Inheritance relation and institution of inheritance are the main subjects of this book. Inheritance is a process regulating the transfer of property by the deceased among his/hers inheritors. The transfer of property, assets, as well as certain rights and obligations from the deceased to inheritors settles in probate proceedings. Since 1955, inheritance in Serbia can be two fold: legal and testamentary. The Serbian legislature does not recognize other inheritances, such as inheritance contract. Therefore, an inheritance is possible only when a person dies, or when a person is declared dead.
Legal inheritance presumes the deceased is inherited by his/hers legal inheritors, divided into inheritance levels according to kinship relatedness and kinship lineage with the deceased. Furthermore, inheritors of the closer inheritance levels exclude from the inheritance inheritors of the further inheritance level, hence the principle of exclusion is applied. The first inheritance level includes the deceased biological and adopted offspring, as well as conjugal partners. Persons related by blood with the deceased, that is, related by birth, have an equal right to inheritance as persons related by civil kinship, that is, related by adoption with the deceased. Gender equality of all offspring is one of the main legal rules of inheritance established by the socialist legislature in Serbia. Legal inheritance also assumes the rule according to which all inheritors of the same level have an equal right to inheritance. An exception to this rule is a spouse, for he/she, within legal inheritance, is entitled to one half of the deceased assets. That is, this inheritance portion is larger than inheritance portions of the deceased’s offspring, or all other inheritors.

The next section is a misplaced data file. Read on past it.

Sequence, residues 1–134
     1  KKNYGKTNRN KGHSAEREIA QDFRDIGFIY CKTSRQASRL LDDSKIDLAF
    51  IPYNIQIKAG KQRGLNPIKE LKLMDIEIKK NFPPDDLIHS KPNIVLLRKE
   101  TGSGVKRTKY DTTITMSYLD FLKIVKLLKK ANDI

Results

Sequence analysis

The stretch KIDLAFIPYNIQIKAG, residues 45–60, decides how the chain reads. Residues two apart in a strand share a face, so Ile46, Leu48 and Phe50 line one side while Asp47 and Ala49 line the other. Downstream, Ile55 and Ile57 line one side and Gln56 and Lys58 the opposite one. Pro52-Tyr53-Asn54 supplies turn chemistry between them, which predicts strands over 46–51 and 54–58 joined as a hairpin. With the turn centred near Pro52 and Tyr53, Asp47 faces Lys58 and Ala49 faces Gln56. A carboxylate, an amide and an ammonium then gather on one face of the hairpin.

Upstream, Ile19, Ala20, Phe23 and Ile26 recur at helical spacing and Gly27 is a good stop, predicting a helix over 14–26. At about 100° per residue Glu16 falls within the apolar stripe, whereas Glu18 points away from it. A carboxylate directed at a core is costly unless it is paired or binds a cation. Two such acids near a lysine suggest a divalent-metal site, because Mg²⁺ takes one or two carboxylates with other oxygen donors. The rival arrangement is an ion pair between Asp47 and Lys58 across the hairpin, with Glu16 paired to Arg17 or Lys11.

Testamentary inheritance, in contrast to legal, grants a person to dispose his/her property at own discretion. At the same time, the Law on Inheritance regulates that a testament cannot be open or property divided until the death of the Testator. In this way, compliance is attained between rules about testamentary inheritance and general rules of inheritance, as defined in the Law of Inheritance. Despite this regulation, practice often witnesses deviations from certain legal normative.
Disagreement of theory and practice is not a sole characteristic of inheritance but also of other spheres in civil law. The institution of inheritance and inheritance practice do differ, however, from other law spheres in explicit parallel application of legal and customary normative. This parallel practice is in application throughout Serbia for more than a century in spite that civil law and legislation do not consider customary normative as a source of law. Customary law, due to this refutation, so represents an illegitimate law system. This issue provokes a number of questions, primarily: within legal and testamentary inheritance, how it is possible to have a parallel application of legal (official) and customary normative while at the same time, the whole procedure is considered legal? The parallel application of customary and law normative is not problematic solely in this matter but also raises a concern of collision in between the two respective normative. The collision emerges as a result of essentially different, opposed principles of inheritance within the two law systems.